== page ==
Somewhere between middle school and high school, I was introduced to The Hold Steady for the first time. I hated this Minnesota-born band because I couldn’t understand how Craig Finn could be a “lead singer” if he wasn’t exactly singing. I came around with age, eventually realizing that storytelling and lyrical artistry more than made up for an inability to croon like a nightingale. Being one of the youngest attendees at a First Avenue show in Minneapolis and getting the first taste of my brother’s approval didn’t hurt either. At the end of the day, however, it was an appreciation for the characters Finn painted as he sang-spoke and the way the band’s different instruments came together like a funky post-party jam session.

My early crime against the band made me want to like its latest album Teeth Dreams as a sort of retroactive apology for my initial disloyalty. It’s not a bad album and it’s recognizable as one by The Hold Steady. It has the expected shout-outs to the Twin Cities and follows characters through different points in their lives, all filtered through the band’s recognizable, signature style of storytelling.

Yet all of these elements are a little bit muddled. I can still recall my first positive Hold Steady listening experience with Boys and Girls in America; the quirky lyrics that jump like Finn’s dance moves, Charlemagne the pimp and an unmatched bombastic mix of everything from keyboard to guitar. With Teeth Dreams, I can’t pull out anything in particular to take away. The instruments seem to blend together; there are no guitar licks or joyfully erratic bounces from one rhythm to the next, just a generalized sound that is recognizable as The Hold Steady.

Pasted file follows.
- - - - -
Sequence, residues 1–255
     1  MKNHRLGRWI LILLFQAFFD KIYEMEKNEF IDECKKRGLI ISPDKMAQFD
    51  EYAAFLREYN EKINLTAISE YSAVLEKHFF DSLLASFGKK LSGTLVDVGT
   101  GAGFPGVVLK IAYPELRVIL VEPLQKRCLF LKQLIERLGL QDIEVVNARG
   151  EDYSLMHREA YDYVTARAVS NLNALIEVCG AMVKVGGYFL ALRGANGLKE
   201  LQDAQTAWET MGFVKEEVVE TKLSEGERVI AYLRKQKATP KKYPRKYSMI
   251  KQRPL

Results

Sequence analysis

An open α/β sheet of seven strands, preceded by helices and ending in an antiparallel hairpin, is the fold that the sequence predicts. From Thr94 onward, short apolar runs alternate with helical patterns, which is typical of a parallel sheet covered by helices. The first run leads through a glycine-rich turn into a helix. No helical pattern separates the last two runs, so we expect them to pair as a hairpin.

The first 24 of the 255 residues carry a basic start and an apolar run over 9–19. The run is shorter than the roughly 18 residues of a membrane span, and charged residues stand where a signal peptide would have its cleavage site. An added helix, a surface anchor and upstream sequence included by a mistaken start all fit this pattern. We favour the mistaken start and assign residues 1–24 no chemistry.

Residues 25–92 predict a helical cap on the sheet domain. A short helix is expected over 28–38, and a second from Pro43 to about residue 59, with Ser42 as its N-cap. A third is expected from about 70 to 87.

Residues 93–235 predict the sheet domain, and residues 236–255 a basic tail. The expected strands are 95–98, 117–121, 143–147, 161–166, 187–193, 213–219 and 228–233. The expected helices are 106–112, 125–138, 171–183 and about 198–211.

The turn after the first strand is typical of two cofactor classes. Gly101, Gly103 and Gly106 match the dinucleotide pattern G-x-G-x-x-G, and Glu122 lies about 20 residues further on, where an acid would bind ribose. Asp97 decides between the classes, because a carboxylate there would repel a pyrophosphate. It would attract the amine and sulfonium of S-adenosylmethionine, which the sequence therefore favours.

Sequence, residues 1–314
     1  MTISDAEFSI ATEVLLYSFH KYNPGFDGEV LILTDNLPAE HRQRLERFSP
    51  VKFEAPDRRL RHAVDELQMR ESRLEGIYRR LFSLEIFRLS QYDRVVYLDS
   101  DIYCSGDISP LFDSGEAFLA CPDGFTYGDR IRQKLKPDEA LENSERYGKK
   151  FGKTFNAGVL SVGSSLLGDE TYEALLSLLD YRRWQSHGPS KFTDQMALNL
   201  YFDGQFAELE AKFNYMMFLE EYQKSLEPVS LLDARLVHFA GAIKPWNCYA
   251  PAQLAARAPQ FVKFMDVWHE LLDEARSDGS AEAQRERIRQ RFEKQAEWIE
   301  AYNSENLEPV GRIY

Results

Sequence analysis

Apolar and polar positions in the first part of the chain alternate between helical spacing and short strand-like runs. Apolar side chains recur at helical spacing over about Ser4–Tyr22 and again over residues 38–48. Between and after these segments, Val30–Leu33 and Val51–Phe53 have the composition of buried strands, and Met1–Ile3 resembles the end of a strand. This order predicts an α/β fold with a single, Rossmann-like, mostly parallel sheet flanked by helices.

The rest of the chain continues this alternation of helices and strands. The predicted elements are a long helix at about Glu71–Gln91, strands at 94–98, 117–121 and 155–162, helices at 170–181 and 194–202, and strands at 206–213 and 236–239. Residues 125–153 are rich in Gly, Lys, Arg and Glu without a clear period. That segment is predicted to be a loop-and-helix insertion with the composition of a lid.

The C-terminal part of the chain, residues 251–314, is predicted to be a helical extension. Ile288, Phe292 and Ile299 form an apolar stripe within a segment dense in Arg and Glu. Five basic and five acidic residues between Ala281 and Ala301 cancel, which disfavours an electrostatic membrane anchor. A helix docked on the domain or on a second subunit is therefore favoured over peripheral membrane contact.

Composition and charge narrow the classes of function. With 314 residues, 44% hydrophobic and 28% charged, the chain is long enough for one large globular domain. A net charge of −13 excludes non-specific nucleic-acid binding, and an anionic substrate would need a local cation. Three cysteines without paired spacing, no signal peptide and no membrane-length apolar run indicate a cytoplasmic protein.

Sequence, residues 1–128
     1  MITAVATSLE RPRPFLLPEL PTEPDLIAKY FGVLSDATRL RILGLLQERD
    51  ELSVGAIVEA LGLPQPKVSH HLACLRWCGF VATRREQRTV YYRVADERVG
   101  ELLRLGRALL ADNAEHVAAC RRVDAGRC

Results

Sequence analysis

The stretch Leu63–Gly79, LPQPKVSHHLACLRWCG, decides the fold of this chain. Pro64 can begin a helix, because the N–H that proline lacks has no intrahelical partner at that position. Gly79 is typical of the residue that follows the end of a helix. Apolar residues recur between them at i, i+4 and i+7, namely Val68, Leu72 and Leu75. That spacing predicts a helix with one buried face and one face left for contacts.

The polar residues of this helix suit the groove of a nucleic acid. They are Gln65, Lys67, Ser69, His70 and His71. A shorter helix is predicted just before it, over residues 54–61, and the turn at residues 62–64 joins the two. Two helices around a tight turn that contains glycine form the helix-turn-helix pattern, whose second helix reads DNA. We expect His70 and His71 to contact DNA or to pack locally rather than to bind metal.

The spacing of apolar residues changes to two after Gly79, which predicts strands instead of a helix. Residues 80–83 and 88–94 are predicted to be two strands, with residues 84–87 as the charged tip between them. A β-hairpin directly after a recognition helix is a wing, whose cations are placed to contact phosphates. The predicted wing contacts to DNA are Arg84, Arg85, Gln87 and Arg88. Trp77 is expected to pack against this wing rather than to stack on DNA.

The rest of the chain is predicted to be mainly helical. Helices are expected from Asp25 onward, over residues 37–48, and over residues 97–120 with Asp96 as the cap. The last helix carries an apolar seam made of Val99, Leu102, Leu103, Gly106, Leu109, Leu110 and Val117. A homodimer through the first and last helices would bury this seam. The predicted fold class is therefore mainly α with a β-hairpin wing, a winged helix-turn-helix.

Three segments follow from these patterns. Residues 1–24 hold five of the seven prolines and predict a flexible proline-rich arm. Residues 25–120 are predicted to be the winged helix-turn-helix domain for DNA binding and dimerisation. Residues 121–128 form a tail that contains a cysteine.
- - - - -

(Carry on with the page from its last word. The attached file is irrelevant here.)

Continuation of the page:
The lyrics don’t stand out either – surprising considering how truly uniquely the Hold Steady tends to tell its stories. As with the music, the lyrics are not bad and they aren’t inauthentic, but they’re not memorable either. If the music is a half-hearted muddle, the lyrics are equally directionless. “Spinners” tells a woman to get back out there, post-heartbreak, while “Wait a While” disagrees and says to “wait a while” instead.

The album goes out with a nine-minute-long song that only underlines the problems with the album. It’s as though it’s admitting that the songs lack differentiation, so why bother making three three-minute songs and coming up with new names?

In many ways, this feels like a different band taking a stab at being The Hold Steady. It checks the boxes of their sound but lacks the heart. When I think of The Hold Steady, I think of the wiry keyboardist alive with electric energy. I think of Craig Finn half-singing, half-shouting and constantly in motion as though he can’t take the time to sing in case he forgets what he’s saying. I think of parties bigger than raves and heartbreaks out in the suburbs, junkies and pimps and the desperation for connection. I couldn’t find any of that in this new album; it was only going through the motions. It left me without a reason to dislike it, but without a reason to play it again.

2.5 out of 5 stars